TORONTO -- To begin today, for old times' sake, let's tell one last Blow Jay joke.
Whaddya think, a good idea? I thought you'd say that. OK, here goes. (Please try not to get too emotional.)
Why do the Jays play in a dome?
Easy. So they can't see the sky falling.
There. Wasn't that fun?
I'm gonna miss that stuff. I really am.
And you know what? In some bizarre way, I think the people in this splendid town are going to miss it, too. The Jays-as-chokers story line was as familiar and comfortable as the streets where they live. It was like an extra child in every family.
dTC What are they going to complain about now when they're finished complaining about the United States and the price of SkyDome?
Why, even though the Jays were within one win of knocking out the A's in the American League playoffs before yesterday's game, everyone was still checking the sky for falling clouds.
Said the sweet, matronly customs agent to the American sportswriter (blush) arriving at the airport yesterday morning: "So, do you really think they're going to choke again after all?"
Said the waiter at the Chinese restaurant at lunchtime, as a cold drizzle coated downtown and you could swear there was this quiet edginess on the streets: "If it happens again now, I don't know what."
Well, they can all rest easy now, the millions of Canadian Chicken Littles. It sure doesn't look like the Blue Jays blew it this time.
"Everyone kept saying that we were going to choke in the end," said the Jays' Roberto Alomar. "Well, we didn't."
No, they didn't. They delivered a 9-2 head-butt yesterday to win the series in six games, and a funny thing happened: While everyone was waiting for the Jays to do their famous knee-buckle, the A's melted under the pressure. Just like the wicked witch they used to be.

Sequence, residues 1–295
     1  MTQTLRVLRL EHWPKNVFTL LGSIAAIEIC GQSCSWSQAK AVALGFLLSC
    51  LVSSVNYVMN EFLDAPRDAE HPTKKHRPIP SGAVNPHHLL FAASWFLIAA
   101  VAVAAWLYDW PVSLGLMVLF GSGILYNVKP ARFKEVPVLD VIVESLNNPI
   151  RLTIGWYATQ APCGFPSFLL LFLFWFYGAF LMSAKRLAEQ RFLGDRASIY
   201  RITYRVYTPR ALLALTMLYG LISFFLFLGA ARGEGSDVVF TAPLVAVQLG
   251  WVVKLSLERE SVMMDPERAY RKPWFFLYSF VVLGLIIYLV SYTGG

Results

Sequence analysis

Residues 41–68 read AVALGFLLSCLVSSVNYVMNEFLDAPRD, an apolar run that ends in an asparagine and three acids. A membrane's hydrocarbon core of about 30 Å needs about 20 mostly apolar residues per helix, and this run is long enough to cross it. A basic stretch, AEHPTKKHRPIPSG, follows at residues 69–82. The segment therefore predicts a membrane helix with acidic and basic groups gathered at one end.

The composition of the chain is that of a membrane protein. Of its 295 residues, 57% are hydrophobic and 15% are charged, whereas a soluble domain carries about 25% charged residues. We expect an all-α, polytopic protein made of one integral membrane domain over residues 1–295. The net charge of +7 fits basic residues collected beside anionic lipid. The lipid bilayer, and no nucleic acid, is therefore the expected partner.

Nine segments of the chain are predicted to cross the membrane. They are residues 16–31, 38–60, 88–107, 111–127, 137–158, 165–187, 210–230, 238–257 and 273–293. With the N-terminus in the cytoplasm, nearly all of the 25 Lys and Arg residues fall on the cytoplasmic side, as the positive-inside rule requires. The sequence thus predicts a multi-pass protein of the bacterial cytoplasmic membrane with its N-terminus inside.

Rickey Henderson dropped a routine fly, struck out twice with four runners on base and committed a ninth-grade mistake by stepping out of the batter's box at the last moment on a hit-and-run, giving away the gambit.
Mike Moore, the starting pitcher, littered the strike zone with high fastballs and hanging curveballs in a classic how-not-to big-game performance. He gave up home runs of 405 and 424 feet, a foul job of at least 450, and left down six runs.
Even manager Tony La Russa melted down. He had Moore walk Dave Winfield to get to John Olerud in the third -- much too early for an intentional walk -- and Olerud doubled in a run. The next batter, Candy Maldonado, hit a three-run homer.
"Choke" is not a word to be tossed around casually, but since they've brought it up here, let's look at how some of the big-ticket A's performed in the series:
Mark McGwire, the big bopper, hit .150. Dennis Eckersley, the perfect closer, gave up a killing home run to Alomar in Game 4, effectively losing the series. Henderson, the self-proclaimed "greatest of all time," hit the quietest .261 of all time.
Mike Bordick, a .300 hitter during the season, hit .053. Willie Wilson hit .227, Carney Lansford .167. The Jays' .281 team average was 25 points higher than what A's pitchers allowed during the season.
Ruben (Jose Who?) Sierra and Dave Stewart were superb, but otherwise, the A's had blowouts all over the place. Meanwhile, virtually every Jay of consequence had a big moment. Or three.
"We've got eight, nine, 11 guys who can beat you," the Jays' Joe Carter said. "That's what this series was all about."
Alomar hit .423 and had that huge home run. Olerud and Devon White batted .348, Pat Borders .318. Juan Guzman won twice. David Cone won Game 2 with a magnificent performance. Kelly Gruber hit the deciding homer in Game 2. Carter hit a 2-run homer to start the blowout yesterday. Maldonado clinched it with that 3-run homer. Even Manny Lee had a big double in Game 4.
On the mound in the end was closer Tom Henke, one of the few Jays still around from the pre-ghostbusting days, when the team blew division titles and playoff series almost every year.
"I was emotional as hell out there," Henke said. "We were way ahead, so I could concentrate on the moment. The noise almost knocked me off the mound."
It was the sound of the sky, incredibly, staying put.
"Does this take some of the pressure off you guys?" someone asked Joe Carter.
"Oh, no, not at all," he said. "The past didn't put any pressure on us at all."
He stopped. A big smile spread across his face.
"Are you kidding me?" he said.